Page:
Being the family member of a dragon, a friend of one, or someone who mistook Yak Board for a boardgame to get your kid off the iPad, you may be wondering if between all of these treks and travels we’re getting enough food in our systems. The simple answer is yes. Of course. Dragons is taking care of us, reader! Don’t you worry.
But here’s the thing, reader. Sometimes we get fed way too much–especially at homestays. At homestays, most notably during the “wish I had google translate” rural variety, the mother will be the one to serve each dish onto one’s plate. The downfall of our digestive system roots from almost finishing our plates and politely complimenting the food when asked about it. These two details combined are a green light for homestay mothers to shovel more food onto your plate before you can say ‘pugyo’ (enough), not that it will stop them from adding one or two more scoops of rice after you have said it.
“How could I let this happen again.” I said to myself each night as I forced a smile and strategized how I am going to finish my second or third himalayan sized mountain of dal bhat. One night however, was more difficult to get through than any night before. My homestay brothers and I had just returned from my bhai tikka ceremony, a confirmation of a brother’s bond to his sister. To conclude the ceremony, my sister to-be had given me a massive plate of food that I had to finish to prove my commitment to our siblingship. I wasn’t going to not eat it after having gone through the whole procedure of the ceremony. With that mentality, I finished each of the five dishes on the plate and went back home only to be informed that it’s time for my real dinner. “NOOO.” I mentally shouted–having already reached what I thought was maximum capacity.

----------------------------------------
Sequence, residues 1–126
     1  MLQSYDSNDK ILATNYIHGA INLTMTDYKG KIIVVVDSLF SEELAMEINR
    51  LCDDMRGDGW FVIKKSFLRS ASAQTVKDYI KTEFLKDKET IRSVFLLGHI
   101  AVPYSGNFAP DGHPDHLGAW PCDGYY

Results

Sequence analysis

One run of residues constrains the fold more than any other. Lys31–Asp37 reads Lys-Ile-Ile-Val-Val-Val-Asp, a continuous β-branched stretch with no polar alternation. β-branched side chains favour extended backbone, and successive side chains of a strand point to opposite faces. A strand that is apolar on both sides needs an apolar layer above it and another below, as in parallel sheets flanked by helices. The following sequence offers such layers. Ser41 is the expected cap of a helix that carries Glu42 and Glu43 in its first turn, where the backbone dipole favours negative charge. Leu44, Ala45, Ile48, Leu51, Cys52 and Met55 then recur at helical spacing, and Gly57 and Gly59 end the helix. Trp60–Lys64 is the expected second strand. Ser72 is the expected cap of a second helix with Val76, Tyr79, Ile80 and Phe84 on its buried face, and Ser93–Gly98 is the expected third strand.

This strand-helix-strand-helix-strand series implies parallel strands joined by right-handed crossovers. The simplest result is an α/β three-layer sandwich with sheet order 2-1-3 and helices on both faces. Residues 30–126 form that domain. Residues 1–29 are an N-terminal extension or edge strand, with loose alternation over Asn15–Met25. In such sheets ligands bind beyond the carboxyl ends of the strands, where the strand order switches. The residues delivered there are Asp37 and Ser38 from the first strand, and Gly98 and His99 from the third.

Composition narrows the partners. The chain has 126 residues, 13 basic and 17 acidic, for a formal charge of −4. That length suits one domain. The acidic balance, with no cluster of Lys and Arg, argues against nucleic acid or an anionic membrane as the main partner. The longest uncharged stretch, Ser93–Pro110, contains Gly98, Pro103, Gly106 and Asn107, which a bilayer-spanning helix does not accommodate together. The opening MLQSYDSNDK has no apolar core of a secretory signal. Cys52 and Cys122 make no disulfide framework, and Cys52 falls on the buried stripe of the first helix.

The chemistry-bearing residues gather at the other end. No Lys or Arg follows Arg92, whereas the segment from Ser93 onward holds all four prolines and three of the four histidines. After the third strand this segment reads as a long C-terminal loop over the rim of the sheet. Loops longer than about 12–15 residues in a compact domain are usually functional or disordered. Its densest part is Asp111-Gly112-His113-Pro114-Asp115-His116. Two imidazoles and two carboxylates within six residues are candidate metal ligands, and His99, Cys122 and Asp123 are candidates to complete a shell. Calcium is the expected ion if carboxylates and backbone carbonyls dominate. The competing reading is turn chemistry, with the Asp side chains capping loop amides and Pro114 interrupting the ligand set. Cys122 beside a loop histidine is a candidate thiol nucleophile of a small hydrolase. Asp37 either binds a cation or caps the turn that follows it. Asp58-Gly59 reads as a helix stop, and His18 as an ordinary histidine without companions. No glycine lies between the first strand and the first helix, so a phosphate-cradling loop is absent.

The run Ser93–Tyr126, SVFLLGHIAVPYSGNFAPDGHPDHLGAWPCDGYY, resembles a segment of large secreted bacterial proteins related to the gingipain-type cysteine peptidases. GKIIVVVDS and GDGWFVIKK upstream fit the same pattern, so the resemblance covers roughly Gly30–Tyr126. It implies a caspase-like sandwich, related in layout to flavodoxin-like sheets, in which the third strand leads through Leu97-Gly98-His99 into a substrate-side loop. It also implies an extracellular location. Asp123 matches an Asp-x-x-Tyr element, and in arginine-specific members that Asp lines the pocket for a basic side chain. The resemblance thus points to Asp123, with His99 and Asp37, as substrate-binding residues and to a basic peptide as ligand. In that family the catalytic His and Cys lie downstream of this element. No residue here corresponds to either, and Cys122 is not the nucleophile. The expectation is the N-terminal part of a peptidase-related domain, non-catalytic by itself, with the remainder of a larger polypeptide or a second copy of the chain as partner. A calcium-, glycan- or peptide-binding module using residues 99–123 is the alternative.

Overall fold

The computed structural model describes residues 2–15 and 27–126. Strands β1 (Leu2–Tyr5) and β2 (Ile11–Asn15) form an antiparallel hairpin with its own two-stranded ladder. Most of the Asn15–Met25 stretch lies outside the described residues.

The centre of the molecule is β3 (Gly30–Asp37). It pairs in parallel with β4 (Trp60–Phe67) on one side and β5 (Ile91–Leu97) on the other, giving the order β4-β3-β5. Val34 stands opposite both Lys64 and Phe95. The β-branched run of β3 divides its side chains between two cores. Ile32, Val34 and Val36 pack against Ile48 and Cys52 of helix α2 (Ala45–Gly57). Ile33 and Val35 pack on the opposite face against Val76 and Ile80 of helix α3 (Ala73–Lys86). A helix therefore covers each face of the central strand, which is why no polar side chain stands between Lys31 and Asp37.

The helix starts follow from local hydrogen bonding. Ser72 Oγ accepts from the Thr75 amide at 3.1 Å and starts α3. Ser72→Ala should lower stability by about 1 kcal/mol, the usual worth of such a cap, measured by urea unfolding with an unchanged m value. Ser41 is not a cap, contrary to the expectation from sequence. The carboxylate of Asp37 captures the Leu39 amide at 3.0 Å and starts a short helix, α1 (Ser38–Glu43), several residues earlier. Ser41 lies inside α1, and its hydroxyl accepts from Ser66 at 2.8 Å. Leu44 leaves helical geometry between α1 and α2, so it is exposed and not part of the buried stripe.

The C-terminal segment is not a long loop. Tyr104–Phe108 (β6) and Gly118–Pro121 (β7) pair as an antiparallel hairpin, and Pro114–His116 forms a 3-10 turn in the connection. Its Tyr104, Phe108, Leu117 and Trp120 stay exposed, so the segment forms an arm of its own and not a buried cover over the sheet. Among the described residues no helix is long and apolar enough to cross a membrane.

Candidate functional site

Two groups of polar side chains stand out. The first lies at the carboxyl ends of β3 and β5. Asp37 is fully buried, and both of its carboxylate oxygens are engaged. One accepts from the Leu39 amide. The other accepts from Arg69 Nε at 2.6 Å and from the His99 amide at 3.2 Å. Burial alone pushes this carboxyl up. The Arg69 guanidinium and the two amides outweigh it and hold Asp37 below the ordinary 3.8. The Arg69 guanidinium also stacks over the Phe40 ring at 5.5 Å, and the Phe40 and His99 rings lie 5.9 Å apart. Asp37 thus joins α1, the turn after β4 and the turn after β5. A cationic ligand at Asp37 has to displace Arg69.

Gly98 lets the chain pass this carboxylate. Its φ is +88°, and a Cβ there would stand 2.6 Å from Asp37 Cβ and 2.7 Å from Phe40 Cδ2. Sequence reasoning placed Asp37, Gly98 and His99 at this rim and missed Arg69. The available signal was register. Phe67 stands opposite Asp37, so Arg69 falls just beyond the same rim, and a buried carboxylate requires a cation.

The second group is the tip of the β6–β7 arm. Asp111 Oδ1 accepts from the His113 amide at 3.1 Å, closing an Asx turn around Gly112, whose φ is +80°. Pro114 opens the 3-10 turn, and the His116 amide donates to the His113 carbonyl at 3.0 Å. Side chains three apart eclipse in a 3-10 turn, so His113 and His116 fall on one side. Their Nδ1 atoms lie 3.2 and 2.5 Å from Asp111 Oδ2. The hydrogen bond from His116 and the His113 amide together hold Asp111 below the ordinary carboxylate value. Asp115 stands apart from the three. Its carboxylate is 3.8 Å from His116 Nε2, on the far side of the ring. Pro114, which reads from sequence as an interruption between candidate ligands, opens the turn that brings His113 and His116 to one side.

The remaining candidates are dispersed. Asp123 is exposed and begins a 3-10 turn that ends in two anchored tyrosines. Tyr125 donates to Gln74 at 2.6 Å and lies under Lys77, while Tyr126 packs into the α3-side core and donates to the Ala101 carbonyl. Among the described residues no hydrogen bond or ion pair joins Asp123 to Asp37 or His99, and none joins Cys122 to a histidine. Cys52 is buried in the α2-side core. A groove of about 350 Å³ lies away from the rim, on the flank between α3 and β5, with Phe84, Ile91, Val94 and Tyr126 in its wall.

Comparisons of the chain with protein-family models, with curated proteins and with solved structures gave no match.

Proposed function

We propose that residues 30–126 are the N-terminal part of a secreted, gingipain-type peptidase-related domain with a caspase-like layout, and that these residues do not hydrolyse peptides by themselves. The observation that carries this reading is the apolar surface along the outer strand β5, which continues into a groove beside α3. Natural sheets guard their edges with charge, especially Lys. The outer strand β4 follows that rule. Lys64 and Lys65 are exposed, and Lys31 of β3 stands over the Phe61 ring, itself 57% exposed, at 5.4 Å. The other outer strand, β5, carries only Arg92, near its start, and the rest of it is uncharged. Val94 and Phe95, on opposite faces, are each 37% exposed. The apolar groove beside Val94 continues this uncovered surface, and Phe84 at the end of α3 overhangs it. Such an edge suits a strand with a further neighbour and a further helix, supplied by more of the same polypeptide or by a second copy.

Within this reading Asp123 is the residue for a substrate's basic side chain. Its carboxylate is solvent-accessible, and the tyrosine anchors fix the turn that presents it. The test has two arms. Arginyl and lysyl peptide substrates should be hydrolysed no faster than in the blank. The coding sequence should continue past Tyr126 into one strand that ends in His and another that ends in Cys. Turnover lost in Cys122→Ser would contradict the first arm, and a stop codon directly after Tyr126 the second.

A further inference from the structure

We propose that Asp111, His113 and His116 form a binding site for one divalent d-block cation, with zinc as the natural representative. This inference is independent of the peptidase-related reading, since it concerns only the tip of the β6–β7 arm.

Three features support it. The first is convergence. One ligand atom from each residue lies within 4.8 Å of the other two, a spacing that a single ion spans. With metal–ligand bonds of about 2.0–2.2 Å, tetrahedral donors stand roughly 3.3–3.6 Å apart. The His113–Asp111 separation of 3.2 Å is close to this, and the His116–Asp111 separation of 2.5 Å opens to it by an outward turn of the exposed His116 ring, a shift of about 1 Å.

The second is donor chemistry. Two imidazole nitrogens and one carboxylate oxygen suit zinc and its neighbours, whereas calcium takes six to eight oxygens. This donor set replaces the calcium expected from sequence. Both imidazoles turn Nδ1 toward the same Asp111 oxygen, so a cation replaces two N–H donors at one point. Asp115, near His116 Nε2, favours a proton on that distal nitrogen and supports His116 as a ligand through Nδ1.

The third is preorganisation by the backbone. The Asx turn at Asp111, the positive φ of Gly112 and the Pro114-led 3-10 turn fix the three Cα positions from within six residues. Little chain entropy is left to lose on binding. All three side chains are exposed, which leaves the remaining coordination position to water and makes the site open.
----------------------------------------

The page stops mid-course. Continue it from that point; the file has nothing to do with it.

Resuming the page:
After summitting two additional peaks of dal bhat during dinner, I had no more space in my torso to store food. But then they insisted that I can eat one more celebratory bread called sel roti. “I can’t have anymore. I am so full.” I begged.
“I think you can have one more.” My brother said in a very commanding tone with a stern look.
With barely enough energy to tilt my head to look up at the large unappetizing deepfried donut shape I sensed defeat. “Yeah, you’re probably right.” I said squinting as I tried to keep down all of the other food I ate that day. Eventually, I ate that last piece of sel roti, but I didn’t feel the satisfaction I was hoping for after such a big accomplishment. Instead, I felt weak and reconsidered my morals before entering the arena the next night.
What I learned from this experience is that if you tell the homestay family that you’re simply sick and are having stomach issues as I did for the rest of rural homestay, then they’ll be a lot more lenient about your consumption of food. And its especially convincing if you end up puking on their carpet 20+ times in the middle of the night as I had done in its urban counterpart. That’ll make them just as scared to feed you for a few days as you are to be fed.
All in all, don’t worry. We’re not hungry. In fact, we’re full.